T205B ? SYSTEMS? THINKING THEORY & PRACTICE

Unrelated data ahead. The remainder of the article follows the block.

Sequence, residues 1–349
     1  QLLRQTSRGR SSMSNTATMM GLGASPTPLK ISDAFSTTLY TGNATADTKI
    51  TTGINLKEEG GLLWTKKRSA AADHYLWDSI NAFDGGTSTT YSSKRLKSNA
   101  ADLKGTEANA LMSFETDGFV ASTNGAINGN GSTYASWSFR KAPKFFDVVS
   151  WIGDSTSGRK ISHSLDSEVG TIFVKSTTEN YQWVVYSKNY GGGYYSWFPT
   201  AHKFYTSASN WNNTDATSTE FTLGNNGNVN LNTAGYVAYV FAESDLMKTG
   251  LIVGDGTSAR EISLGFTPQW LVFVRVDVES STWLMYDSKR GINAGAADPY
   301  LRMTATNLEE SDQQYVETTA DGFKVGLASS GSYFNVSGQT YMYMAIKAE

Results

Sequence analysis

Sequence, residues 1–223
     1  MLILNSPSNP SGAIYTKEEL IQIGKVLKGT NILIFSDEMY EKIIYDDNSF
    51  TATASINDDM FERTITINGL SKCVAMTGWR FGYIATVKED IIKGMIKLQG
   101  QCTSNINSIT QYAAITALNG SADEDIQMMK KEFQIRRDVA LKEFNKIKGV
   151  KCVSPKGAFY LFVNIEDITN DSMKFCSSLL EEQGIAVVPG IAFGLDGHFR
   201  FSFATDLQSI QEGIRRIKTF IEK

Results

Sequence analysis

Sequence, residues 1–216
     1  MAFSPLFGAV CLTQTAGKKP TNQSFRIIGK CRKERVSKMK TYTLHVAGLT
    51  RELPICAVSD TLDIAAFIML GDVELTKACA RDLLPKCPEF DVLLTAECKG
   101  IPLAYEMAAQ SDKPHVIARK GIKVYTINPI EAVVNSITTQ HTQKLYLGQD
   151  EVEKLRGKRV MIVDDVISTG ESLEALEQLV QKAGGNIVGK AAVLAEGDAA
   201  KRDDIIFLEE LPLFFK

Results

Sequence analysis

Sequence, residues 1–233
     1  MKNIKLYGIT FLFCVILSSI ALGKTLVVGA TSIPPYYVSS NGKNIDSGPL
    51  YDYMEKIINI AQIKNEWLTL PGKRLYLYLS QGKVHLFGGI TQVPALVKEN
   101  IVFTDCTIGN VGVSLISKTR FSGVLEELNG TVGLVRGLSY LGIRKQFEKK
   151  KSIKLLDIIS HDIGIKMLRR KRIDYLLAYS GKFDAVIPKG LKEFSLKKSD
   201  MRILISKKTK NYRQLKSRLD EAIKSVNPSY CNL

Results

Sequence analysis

Question 01 (100 % marks)(a) Read through the attached article ?Organizational Structure: The Case of Toyota?. As you read through the article create one spray diagram to summarize the case content respecting the conventions, and techniques. It is advised that students submit hand drawn diagrams as opposed to computer generated ones. Photocopies of diagrams should not be accepted. Reflect on your diagram in no more than 200 words. (15% marks).(b) Based on what you learned in T205B concept file 04 section II ?Control?, and based on the content of the article, and taking ?Fixing a failing structure? as your goal draw one closed loop control model diagram to show the various inputs, and the transformation process, that can lead to reaching this goal. You need to show all the components of the control model diagram, the inputs?, processes, control (actuator, comparator, sensor), that can lead to goal achievement . Reflect on your diagram (15% marks)(c) Using an essay format of no more than 2500 words, and based on what you learned in T205B concept file 04 section I ?Organizations are They Rational?, readings 01 and 07, section III ?Structure?, section IV development, section V culture and climate, and section VI ?Decision Making? and based on the ideas put forth by Taggart in the attached article:1- Discuss the concept of organizational structure and assess which type of task related structure is required to meet Toyota?s communication needs. (Word Count 500; 15 Marks)2- Discuss the concepts of organizational culture and climate and assess Toyota?s culture and climate. (Word count 400; 15 Marks)3- Assess the extent to which Toyotas structure, culture and climate played a role in its failure to react to the defect problem, (Word count 400; 15 Marks).4- Discuss the different perspectives on decision making and assess how the decision making process at Toyota has affected its ability to respond to the defect problem (Word count 400; 15 Marks).5- Discuss the concept of organizational learning and assess whether Toyota is a learning organization; justify your answers with evidence from the case (300 words; 10 Marks).Organizational Structure: The Case of ToyotaSource: Photograph courtesy of Toyota Motor Sales, USA, Inc.On the 28th of August 2009 the emergency services in San Diego received a terrifying phone call from the back seat of a Toyota Lexus. The car was accelerating out of control. As the emergency services tried to get an understanding of the situation, the caller was heard to cry, ?We?re nowapproaching the intersection! Oh, pray. Hold on and pray!? Then silence.Everyone in the car was killed. Toyota, lauded for its impeccable reputation for quality and reliability, suddenly faced a huge crisis of trust. But they didn?t react as such. Toyota?s belated recalls, belated communications and disclosure, and belated public apologies did far more damage to its reputation than the original tragic accident, losing them sales, market share, and investor and consumer confidence (its pre-eminent reputation for quality plunged from 30% to 19% of respondents to a Consumer Reports survey).?Central to Toyota?s problem is its perceived delay in identifying and addressing the situation in the first place? There is a sense that it ignored the problem untilit was forced to take action?.Recalls happen every year, and affect every car manufacturer. They are usually considered a bare minimum ?distrust regulation? effort. However, a series of recalls from the same company, for different problems, mounts up to a series of trust violations. Toyota had several (in 2004, 2005, 2007, and 2009-10) fordifferent problems, including with accelerators, engines and braking, totaling more than 8.5 million vehicles. This too, has damaged their trustworthiness.Immediate responseTwo days after the San Diego crash, Toyota issued a statement, acknowledgingthe accident, expressing concern and showing regret for the loss of life. Toyotapromised a full investigation, working with the regulator (the National HighwayTraffic Safety Administration ? NHTSA), but declined to comment on possiblecauses, to ?avoid speculation and allow any investigation to run its course?.On the face of it, this is a good example of an immediate response statement.However, our model also calls for swift and decisive actions against known orlikely causes. Toyota appears to have overlooked this latter intervention,disastrously. In the days after the San Diego crash, the company did not issue acustomer warning about its all-weather floor mats, despite these beingimplicated in fatal accidents two years earlier. Even when the regulator?spreliminary investigation into the San Diego crash cited the floor mats as thelikely cause, Toyota did not implement a precautionary rectification until five dayslater when the NHTSA confirmed their analysis, 19 days after the San Diegofatalities. Fortunately no new fatal accidents happened in that time. Yet evenwith this tardy intervention Toyota dealers were instructed merely to inspect anyreturned floor mats, rather than issue a direct customer safety warning. NHTSAissued an alert about the floor mats on the 29th September 2009 and that day Toyota issued explicit warnings and advice to customers, and finally announced a recall of 3.8 million affected vehicles ? a month after the San Diego crash (Theactual recall began a month later still.)DiagnosisAll car manufacturers must cooperate with authorities? investigations into fatalcrashes, and so the ?diagnosis? phase began immediately. When the NHTSAreported on the San Diego crash (10th September 2009), Toyota USA uploadeda statement, asserting that the findings were consistent with the company?s floormat warning, and that their vehicle was ?among the safest? on the road. NHTSAcountered this apparent denial of culpability, and took the unusual step ofcondemning the statements as ?inaccurate and misleading?, embarrassingToyota further. The American division issued a clarification stating that they hadnot intended ?to mislead or provide inaccurate information?, and outlined thecompany?s ?vehicle-based remedy? to the sticky floor mat problem.For manystakeholders, the obfuscation undermined Toyota?s original best intentions, andfurther dented the fragile trust with its many stakeholders.In November 2009, Toyota admitted to a defect with the accelerator pedal insome vehicles, promised this was the root cause, and issued a recall of affectedvehicles. However, the installation of a ?brake override system?, intended toreassert the company?s trustworthiness, seemed to highlight a different designdefect. Public skepticism meant that Toyota voluntarily commissioned anindependent investigation to defend its electronic control systems. These effortsfailed, it seems, because of stakeholders? pre-existing mistrust.Although design faults seemed at the time to be likely causes of the crashes,many argued that the problems in the company went deeper. Commentatorspointed to Toyota?s aggressive growth strategy, epitomized by a declaredambition to be the world?s top automobile company within a decade, involvingrapid global expansion of its manufacturing capacity beyond its native Japan.Even the company President, Mr. Akio Toyoda, admitted as much:?Growth overspeed? had impaired the company?s culture of ?kaizen? (continuousimprovement) and ?genchigenbutsu? (inspecting problems at the source).Its own internal report noted Toyota?s tendency to dismiss customer complaints;poor accountability for safety (as the adage goes, ?when everyone is responsible,nobody is accountable?); poor safety-response procedures, and an ?adversarial?relationship with regulators. Commentators also cited the company?s previouslyrobust and widely admired corporate culture; efficient, systematic and dedicated,but also conservative, rigidly centralized, and mono-national. At the time, theexecutive board had 29 Japanese male nationals and no foreigners. Japanesereluctance to concede to shame, and Toyota?s prized reputation for excellence,may account for the firm?s hesitancy in acknowledging the legitimacy of theemerging crisis. The company?s hierarchical and centralized structure matchedthis culture, limiting the speed and accuracy of information flow, stifling theagility of the corporation?s response. Even its vaunted lean productiontechniques came in for criticism, with junior employees reportedly fearful ofraising concerns.Performing interventionsThe diagnosis stage didn?t finish fully until March 2010, but Toyota?s reforminginterventions began during September 2009 with the floor mat safety warningand the belated recall of 3.8 million vehicles. Their recall problems persistedthroughout 2010, with a further 1.66million vehicles recalled over other, newproblems. Many recalls were voluntary, and timely to prevent future accidents,and Toyota was doubtless trying to demonstrate its ability in tackling latent risks,its integrity in disclosing the possible lapses, and its benevolence in prioritizing customer safety. However, the confusion from so many recalls seemed to alarmexisting and prospective customers. The firm?s poor immediate response haddone huge damage to its credibility, and set the tone for the story (seized uponby the American media).The first apology came in early October 2009, when Akio Toyoda expressed hissincere grief regarding the San Diego crash:?Four precious lives have been lost. I offer my deepest condolences?Customers bought our cars because they thought they were the safest. But nowwe have given them cause for grave concern. I regret and apologize for thisdevelopment. I cannot begin to express my remorse?.Interestingly, a Professor of Japanese Studies, Ulrike Schaede, argued thatthese difficult public apologies ?were meant to send a message to companyemployees and car buyers? that the company was planning a new direction (ouremphasis added to indicate the trust repair targets in the statement).Akio Toyoda?s op-ed piece in the Wall Street Journal wrote of his commitment tocustomer safety ? his name is on the cars after all ? and acknowledged thecompany?s failings (mainly a preoccupation with technical responses totragedies), and pointed to its recall response and internal and external audits oftheir vehicles? safety features. A torrent of similar apologies followed,expressing ?sincere regrets? and commitments to make ?fundamental changesin the way the company operates in order to ensure that Toyota sets an evenhigher standard for vehicle safety and reliability, responsiveness to customersand transparency with regulators? to ?restore the trust? of its customers. Theapologies were well received in the media, for the most part. That month, AkioToyoda travelled to Washington to face Congress, and apologized again inperson ? although he insisted he had not been aware of the problems until late2009, several months after the high-profile San Diego fatalities.In terms of trying to reform Toyota, we found reference to the following keymoves:? A declared reversion to the ?basics? of the ?Toyota way?.? A new safety system, combining five accident-avoidance technologies ?although other automakers have offered these safety features for years.? A major restructuring, including a reduction in Directors from 27 to 11, and there-organization of the departments charged with Corporate Planning andCorporate Social Responsibility to quicken crisis responses.A new 50-strong global quality taskforce, based regionally, and led by thecompany President, to improve quality, increase communication, improveregional response and autonomy, and seek support from outside experts.? Two quality advisory panels consisting of outside experts to evaluate Toyota?ssafety and quality control processes, in 20 dedicated facilities worldwide(although one was criticized for being a paid consultant for the company), andthe appointment of a global Chief Safety Officer.? In September 2010, the company settled out of court with the family of the San Diego victims (corporate ?penance?).? Top management?s pay was docked 10% to help ?atone? for the recallproblems, and several Executives forfeited their bonuses for two years(individual leaders? ?penance?).? Commitment to working with U.S. regulators ?toward a common goal ofcreating a safe automobile society?.EvaluationToyota Motor Corporation (TYO: 7203) has often been referred to as the gold standard of the automotive industry. In the first quarter of 2007, Toyota (NYSE: TM) overtook General Motors Corporation in sales for the first time as the top automotive manufacturer in the world. Toyota reached success in part because of its exceptional reputation for quality and customer care. Despite the global recession and the tough economic times that American auto companies such as General Motors and Chrysler faced in 2009, Toyota enjoyed profits of $16.7 billion and sales growth of 6% that year. However, late 2009 and early 2010 witnessed Toyota?s recall of 8 million vehicles due to unintended acceleration. How this could happen to a company known for quality and structured to solve problems as soon as they arise? To examine this further, one has to understand about the Toyota Production System (TPS).TPS is built on the principles of ?just-in-time? production. In other words, raw materials and supplies are delivered to the assembly line exactly at the time they are to be used. This system has little room for slack resources, emphasizes the importance of efficiency on the part of employees, and minimizes wasted resources. TPS gives power to the employees on the front lines. Assembly line workers are empowered to pull a cord and stop the manufacturing line when they see a problem.However, during the 1990s, Toyota began to experience rapid growth and expansion. With this success, the organization became more defensive and protective of information. Expansion strained resources across the organization and slowed response time. Toyota?s CEO, Akio Toyoda, the grandson of its founder, has conceded, ?Quite frankly, I fear the pace at which we have grown may have been too quick.?Vehicle recalls are not new to Toyota; after defects were found in the company?s Lexus model in 1989, Toyota created teams to solve the issues quickly, and in some cases the company went to customers? homes to collect the cars. The question on many people?s minds is, how could a company whose success was built on its reputation for quality have had such failures? What is all the more puzzling is that brake problems in vehicles became apparent in 2009, but only after being confronted by United States transportation secretary Ray LaHood did Toyota begin issuing recalls in the United States. And during the early months of the crisis, Toyota?s top leaders were all but missing from public sight.The organizational structure of Toyota may give us some insight into the handling of this crisis and ideas for the most effective way for Toyota to move forward. A conflict such as this has the ability to paralyze productivity but if dealt with constructively and effectively, can present opportunities for learning and improvement. Companies such as Toyota that have a rigid corporate culture and a hierarchy of seniority are at risk of reacting to external threats slowly. It is not uncommon that individuals feel reluctant to pass bad news up the chain within a family company such as Toyota. Toyota?s board of directors is composed of 29 Japanese men, all of whom are Toyota insiders. As a result of its centralized power structure, authority is not generally delegated within the company; all U.S. executives are assigned a Japanese boss to mentor them, and no Toyota executive in the United States is authorized to issue a recall. Most information flow is one-way, back to Japan where decisions are made.On the 20th May 2010, the President of Toyota USA reviewed progress with thecompany?s reforms to a Congressional committee. In July 2010, Toyotapublished a report covering its evaluation of measures for improving qualityassurance and preventing the recurrence of quality lapses, as well as improvinginternal and external communications with regard to product quality. The externalreview panel is scheduled to continue monitoring progress until 2012. Toyota has taken serious actions to put things right. However, their sluggishand contradictory reaction handling of the crisis incurred retribution in April 2010,when the NHTSA fined Toyota a record $16.4m for ?failing to react? in a timelymanner, despite apparently knowing of the potential risk to consumers. Thoughthey denied the allegation, Toyota accepted this ?penance?, to avoid a lengthydispute. IHS Global Insight, an automotive consultancy, said the company was?paying the price for not taking the claims seriously at first?, and attractingunusually negative publicity as a result. Multi-million dollar law suits are still intrain.A bitter irony is that regulatory investigations in August 2010 found ?driver error?to be the most likely cause of all but one of 58 examined incidents. That Toyotawas unable to recover much reputational credit from this revelation emphasizes how much trust and goodwill had been damaged, and how the companysurrendered control of the narrative with its tardy initial response. Even recently, skeptics (and lawyers) remain unconvinced of the firm?s ethical stance. Theypoint to evidence that the company has known about several design faults foryears, and have even boasted of $100m in savings from a limited recall in2007.One commentator put it:?Nothing erodes confidence in a company?s reputation so much as internaldocuments subordinating safety concerns to the bottom line?.It remains to be seen how well Toyota recovers.Category: Essay Writing